The more a woman knows about heart disease, the more likely she is to overcome it. The first data you should know is very serious: heart disease and stroke cause one in every three deaths in women, more than all cancers combined. Fortunately, we can change that because 80% of cardiac events and strokes can be prevented through education and action.
Go Red For Women inspires women to change their way of life, mobilize communities and develop policies to save lives. Together we are working to improve the health of all women.
The Symptoms of Heart Attack for Women
The most common heart attack syndrome in women is a type of pain, pressure or discomfort in the chest. But it is not always difficult or evens the most important symptom, especially in women. And sometimes, women can have a heart attack without chest pain. Women have more symptoms than men of heart attack that is not related to chest pain bellow those:
- Malaise, jaw, shoulder, upper back or abdominal discomfort
- Shortness of breath
- Pain in one or both arms
- Nausea or vomiting
- Dizziness or vertigo
- Unusual tiredness
These symptoms may be more subtle than the obvious chest pain often associated with heart attacks. Women may describe chest pain as pressure or oppression. This may be because women have a blockage, not only in their main arteries but also in the small arteries that supply the heart with blood, called small vessel heart disease or coronary microvascular disease.
Women’s symptoms can occur more often when women are resting or even sleeping. Mental stress can also trigger heart attack symptoms in women.
Women often go to emergencies after heart damage has already occurred, because their symptoms are not associated with a heart attack, and because women can minimize their symptoms. If these symptoms occur or if you have a heart attack, seek immediate medical attention. Do not drive in the emergency room unless you have other options.
Living with Heart Disease
Like anyone who has had a heart attack, it is natural to think that no one understands what is happening. But there is no reason to believe that you are fighting alone in this fight. There are many resources available to help you grow and prepare for a healthy life.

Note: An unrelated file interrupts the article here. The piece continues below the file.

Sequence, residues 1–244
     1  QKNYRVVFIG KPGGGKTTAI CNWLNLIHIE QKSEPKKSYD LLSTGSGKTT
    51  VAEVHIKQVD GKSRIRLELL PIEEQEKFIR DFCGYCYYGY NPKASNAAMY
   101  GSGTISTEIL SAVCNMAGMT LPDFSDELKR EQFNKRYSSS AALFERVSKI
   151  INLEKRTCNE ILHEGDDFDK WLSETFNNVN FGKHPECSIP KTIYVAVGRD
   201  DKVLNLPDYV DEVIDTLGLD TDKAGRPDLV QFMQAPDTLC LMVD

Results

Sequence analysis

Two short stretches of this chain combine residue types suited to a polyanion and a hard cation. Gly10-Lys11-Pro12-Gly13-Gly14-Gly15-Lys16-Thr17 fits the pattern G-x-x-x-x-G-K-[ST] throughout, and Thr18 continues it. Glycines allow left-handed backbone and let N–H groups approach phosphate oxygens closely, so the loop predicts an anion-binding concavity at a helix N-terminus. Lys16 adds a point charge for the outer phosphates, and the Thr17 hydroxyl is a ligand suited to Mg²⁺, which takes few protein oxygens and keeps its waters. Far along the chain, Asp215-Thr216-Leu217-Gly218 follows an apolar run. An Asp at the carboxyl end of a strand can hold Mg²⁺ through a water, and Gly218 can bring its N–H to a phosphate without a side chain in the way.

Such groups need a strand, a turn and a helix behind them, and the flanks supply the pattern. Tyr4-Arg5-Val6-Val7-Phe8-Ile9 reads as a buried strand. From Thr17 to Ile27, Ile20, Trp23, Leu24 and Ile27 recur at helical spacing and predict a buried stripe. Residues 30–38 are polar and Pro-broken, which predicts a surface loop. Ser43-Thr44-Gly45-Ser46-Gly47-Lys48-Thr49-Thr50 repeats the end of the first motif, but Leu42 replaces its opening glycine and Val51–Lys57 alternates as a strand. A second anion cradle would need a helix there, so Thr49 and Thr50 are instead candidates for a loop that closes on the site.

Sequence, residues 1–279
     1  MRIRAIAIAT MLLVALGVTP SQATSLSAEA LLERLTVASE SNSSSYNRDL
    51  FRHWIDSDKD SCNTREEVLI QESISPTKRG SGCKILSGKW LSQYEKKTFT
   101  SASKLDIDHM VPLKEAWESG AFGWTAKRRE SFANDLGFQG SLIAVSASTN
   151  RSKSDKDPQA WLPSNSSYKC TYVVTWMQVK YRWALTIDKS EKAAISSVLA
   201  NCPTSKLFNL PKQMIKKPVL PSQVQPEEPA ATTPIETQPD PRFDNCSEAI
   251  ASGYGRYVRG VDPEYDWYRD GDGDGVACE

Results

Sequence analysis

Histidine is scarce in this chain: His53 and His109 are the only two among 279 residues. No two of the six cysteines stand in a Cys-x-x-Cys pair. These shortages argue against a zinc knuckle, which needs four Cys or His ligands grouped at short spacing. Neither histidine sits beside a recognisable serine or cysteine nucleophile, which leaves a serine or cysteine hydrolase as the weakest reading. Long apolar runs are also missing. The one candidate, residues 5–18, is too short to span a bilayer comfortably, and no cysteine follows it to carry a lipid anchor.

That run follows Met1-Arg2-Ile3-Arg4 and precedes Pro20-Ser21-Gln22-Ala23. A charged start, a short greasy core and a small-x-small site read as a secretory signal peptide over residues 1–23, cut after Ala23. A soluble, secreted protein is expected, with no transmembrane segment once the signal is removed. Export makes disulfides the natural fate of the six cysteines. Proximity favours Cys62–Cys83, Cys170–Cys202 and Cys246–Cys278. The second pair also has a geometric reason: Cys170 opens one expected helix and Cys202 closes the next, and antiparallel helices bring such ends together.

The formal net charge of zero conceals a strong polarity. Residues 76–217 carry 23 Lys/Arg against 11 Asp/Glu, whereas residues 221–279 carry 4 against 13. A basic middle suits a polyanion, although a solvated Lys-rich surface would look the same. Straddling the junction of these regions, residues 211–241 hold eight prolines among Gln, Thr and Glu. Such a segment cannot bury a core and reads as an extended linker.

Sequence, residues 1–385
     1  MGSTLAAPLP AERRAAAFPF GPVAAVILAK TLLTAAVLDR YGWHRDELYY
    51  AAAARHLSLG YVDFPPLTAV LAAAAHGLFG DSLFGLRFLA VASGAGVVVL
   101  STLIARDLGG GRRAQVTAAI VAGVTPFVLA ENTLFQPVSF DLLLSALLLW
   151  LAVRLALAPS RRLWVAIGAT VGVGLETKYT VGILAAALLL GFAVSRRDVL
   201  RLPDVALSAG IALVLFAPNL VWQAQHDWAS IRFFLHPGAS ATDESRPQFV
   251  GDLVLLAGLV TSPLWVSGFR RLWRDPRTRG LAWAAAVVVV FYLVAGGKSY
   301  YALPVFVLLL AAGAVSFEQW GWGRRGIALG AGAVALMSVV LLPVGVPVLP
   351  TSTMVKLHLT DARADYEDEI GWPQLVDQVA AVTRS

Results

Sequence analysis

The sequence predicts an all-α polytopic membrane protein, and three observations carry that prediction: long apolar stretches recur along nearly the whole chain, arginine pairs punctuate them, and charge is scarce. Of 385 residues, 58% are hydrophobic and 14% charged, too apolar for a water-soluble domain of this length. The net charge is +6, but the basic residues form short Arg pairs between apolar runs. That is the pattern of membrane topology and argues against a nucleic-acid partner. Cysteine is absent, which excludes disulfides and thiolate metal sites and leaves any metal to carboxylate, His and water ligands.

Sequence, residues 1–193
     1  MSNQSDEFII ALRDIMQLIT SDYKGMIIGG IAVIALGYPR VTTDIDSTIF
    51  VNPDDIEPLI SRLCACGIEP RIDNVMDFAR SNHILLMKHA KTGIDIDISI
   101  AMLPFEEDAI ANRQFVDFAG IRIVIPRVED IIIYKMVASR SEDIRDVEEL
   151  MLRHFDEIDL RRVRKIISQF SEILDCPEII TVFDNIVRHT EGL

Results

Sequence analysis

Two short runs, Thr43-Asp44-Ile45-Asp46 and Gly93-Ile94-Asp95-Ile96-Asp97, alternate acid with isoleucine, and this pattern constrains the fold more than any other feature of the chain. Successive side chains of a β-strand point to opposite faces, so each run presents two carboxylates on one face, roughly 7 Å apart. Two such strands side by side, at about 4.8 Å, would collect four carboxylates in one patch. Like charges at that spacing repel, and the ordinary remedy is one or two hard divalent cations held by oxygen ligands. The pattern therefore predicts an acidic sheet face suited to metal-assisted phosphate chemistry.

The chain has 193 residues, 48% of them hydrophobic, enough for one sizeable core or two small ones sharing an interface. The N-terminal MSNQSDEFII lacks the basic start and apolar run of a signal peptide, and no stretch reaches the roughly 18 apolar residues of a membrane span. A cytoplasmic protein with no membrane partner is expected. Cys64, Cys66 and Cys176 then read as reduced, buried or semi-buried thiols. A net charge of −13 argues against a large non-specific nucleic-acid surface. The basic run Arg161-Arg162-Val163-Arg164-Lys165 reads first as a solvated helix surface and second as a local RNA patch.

For some, like Lidia Morales, this has helped her to accept her diagnosis and to be more optimistic about her future. “I show people the scar of my surgery and tell them it’s my beauty mark because this experience taught me a lot about my life,” says Lidia.
When you are living with heart disease, the most important thing to realize is that the future does not have to look dark. Read on to learn how to give advice to your doctor, make positive changes in your lifestyle, and where to find the support you need to live a full and productive lifestyle.
Risk Factors for Heart Disease in Women
Although some of the traditional risk factors for coronary heart diseases, such as high cholesterol, hypertension, and obesity, affect women and men, other factors may play a more important role in the development of heart disease in the women. For example, risk factors may include:
- Diabetes. Women with diabetes have a higher risk of heart disease than men with diabetes.
- Mental stress and depression. Women’s hearts are more affected by stress and depression than men. Depression makes it difficult to maintain a healthy lifestyle and adherence to the recommended treatment. Talk to your doctor if you have symptoms of depression.
- Smoke. In women, smoking is a more important risk factor for heart disease in women than in men.
- Inactivity. Lack of physical activity is a major risk factor for heart disease, and some research has shown that women are less active than men.
- Menopause. Low estrogen levels after menopause are an important risk factor for the development of cardiovascular disease in small blood vessels (coronary artery disease).
- Broken heart syndrome. This condition, which is often triggered by stressful situations that can cause severe but especially transient muscle failure, is more common in postmenopausal women. This condition can also be called cardiomyopathy, apical balloon formation syndrome or stress cardiomyopathy.
- The complications of pregnancy. High blood pressure or diabetes during pregnancy can increase the risk of hypertension and diabetes in women and increase the risk of heart disease in the mother.
Some studies have shown that your children may be at increased risk of heart disease in the future if you have complications such as high blood pressure or diabetes during pregnancy.
Women with inflammatory conditions such as rheumatoid arthritis or lupus may also have an increased risk of heart disease. Other risk factors for heart disease in women are studied in more detail.
What can Women do to reduce their Risk of Heart Disease?
If women want several lifestyles they can do to reduce the risk of heart disease, including:
- Go out or do not smoke.
- Exercise regularly
- Maintain a healthy weight
- Eat a healthy diet that includes whole grains, a variety of fruits and vegetables, low-fat or non-fat dairy products, and lean meats. Avoid saturated or Trans fatty acids, added sugars and high levels of salt.
- Take vitamin- You can take multivitamin for women that can give you extra energy and can remove various disease that are related with heart disease.
Women should also take appropriate prescriptions such as blood pressure medications, blood thinners, and aspirin. And they need to cope better with other conditions that are risk factors for heart disease, such as high blood pressure, high cholesterol, and diabetes.